Generation 2.0 RED on the new naturalization law
On October 12, 2020, the new law 4735/2020 of the Ministry of Interior was published in the Government Gazette, which contains among others, provisions for the amendment of the Greek Citizenship Code. The Ministry introduced this system of naturalization, expressing the need for transparency, speed and efficiency. But the final provisions actually pose serious obstacles and restrictions on the acquisition of Greek citizenship.
Regarding the standard conditions of naturalization and the verification of applicant’s financial integration, the requirement of having a minimum annual income of an at least unskilled worker, in order to prove the financial integration into Greek society, was finally abolished. This criterion, which was introduced in the initial text of the bill, was removed with a legislative improvement of the Minister of Interior – following the strong public criticism from Generation 2.0 RED and other bodies of the civil society, as well as the opposition parties – and was replaced by the following wording: “By decision of the Minister of Interior are determined the specific elements that constitute a presumption for the economic and social integration of the applicant for the specific period of time.” While the provision of income criteria was not finally included in the criteria of economic integration, the existence of stable work in the country remained, that is a particularly strict condition for the Greek standards which will exclude unemployed and undeclared workers from access to Greek citizenship.
In the naturalization procedure, the required exam fee for the written test was finally reduced to 150 euros from 250 euros, while the success score was set at 70% out of correct answers instead of 80% that was initially provided. Despite these reductions, we believe that the essence of the problem remains, as both the increase of the already high overall cost (from 550 euros that is today will rise to 700 euros with the exam fee) and the increased level of success are maintained. These two parameters on the one hand are very likely to act as a deterrent for those eligible to apply for naturalization and on the other hand will reduce the chances of success of those who eventually try.
Regarding persons who are exempted from participating in the written examination, the initial wording of the provision which excluded those who attended high school in the country was corrected, by now including all those who have successfully attended either junior high school or high school following the compulsory Greek education program. As regards the special category of applicants who are exempted from the written examination due to their age and are examined orally before a Special Three-member Committee, there was also a legislative improvement which reduced the age limit from 67 to 62 years, but leaving it increased compared to the previous law that provided 55 years.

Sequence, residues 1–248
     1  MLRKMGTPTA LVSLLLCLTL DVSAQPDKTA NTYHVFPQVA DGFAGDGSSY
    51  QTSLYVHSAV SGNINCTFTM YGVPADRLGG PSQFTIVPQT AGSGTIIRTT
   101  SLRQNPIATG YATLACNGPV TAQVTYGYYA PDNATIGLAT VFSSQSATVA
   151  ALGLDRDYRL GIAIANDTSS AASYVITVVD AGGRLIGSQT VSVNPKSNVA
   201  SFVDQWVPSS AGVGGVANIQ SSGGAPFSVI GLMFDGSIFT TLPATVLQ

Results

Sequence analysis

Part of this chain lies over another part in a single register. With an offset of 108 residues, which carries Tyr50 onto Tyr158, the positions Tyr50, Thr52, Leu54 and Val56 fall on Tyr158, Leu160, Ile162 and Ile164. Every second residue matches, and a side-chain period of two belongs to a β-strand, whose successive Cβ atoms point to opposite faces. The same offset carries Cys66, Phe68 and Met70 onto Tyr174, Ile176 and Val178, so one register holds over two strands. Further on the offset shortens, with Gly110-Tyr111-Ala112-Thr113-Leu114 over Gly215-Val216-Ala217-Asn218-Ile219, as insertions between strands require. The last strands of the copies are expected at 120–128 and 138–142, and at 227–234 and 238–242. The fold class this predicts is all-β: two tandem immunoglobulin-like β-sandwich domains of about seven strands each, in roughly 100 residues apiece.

Another crucial change is the abolition of the possibility of submitting objections to the Citizenship Council in case of rejection of the naturalization application. In other words, the stage of administrative appeal is abolished and it is provided instead that the decision is only appealed in administrative courts. This decision indicates the general tendency to tighten the citizenship process because in practice it makes it more expensive, time consuming and complicated for those concerned.
Then, the addition of the requirement of permanent residence in the country for the minor child of a naturalized Greek, so that he also acquires citizenship, will lead to the creation of “unequal” Greek citizens. Greek citizens whose children acquire citizenship immediately and Greek citizens whose children acquire citizenship under certain conditions. Once someone is naturalized as a Greek citizen, there can be no distinction of rights between him and the rest of the Greeks. Thus, a distinction is introduced that essentially contradicts the Constitution itself.
Lastly, according to the transitional provisions, the changes in the naturalization procedure will come into effect from April 1, 2021. Applications which were submitted under the previous (and current) system but won’t be examined by March 31, 2021 by the naturalization committees, will be examined under the new procedure. In this transition, nothing is provided except that those who applied for naturalization under the previous law are not obliged to pay the exam fee at the first time of their examination. That means that there will be people who applied under one system and will be examined under another, without providing any specific criteria and details on how this transition will take place. Also, there does not seem to be any other selection criterion among the pending applications that will be examined with the old system and those that will be examined with the new system, apart from “First come, first served“! Such a change in the process of pending applications will cause confusion in the administration, inconvenience to applicants and different treatment between them.
Finally, even after the legislative improvements, it remains to be seen whether Law 4735/2020 will bring transparency, speed and efficiency. At first reading, what we see is that it is institutionalizing a system of naturalization, which remains expensive and anchored in complex bureaucratic procedures. And mostly, it refuses to take into account the real integration of people who have lived in the country for years, ensuring a fair process of acquiring citizenship.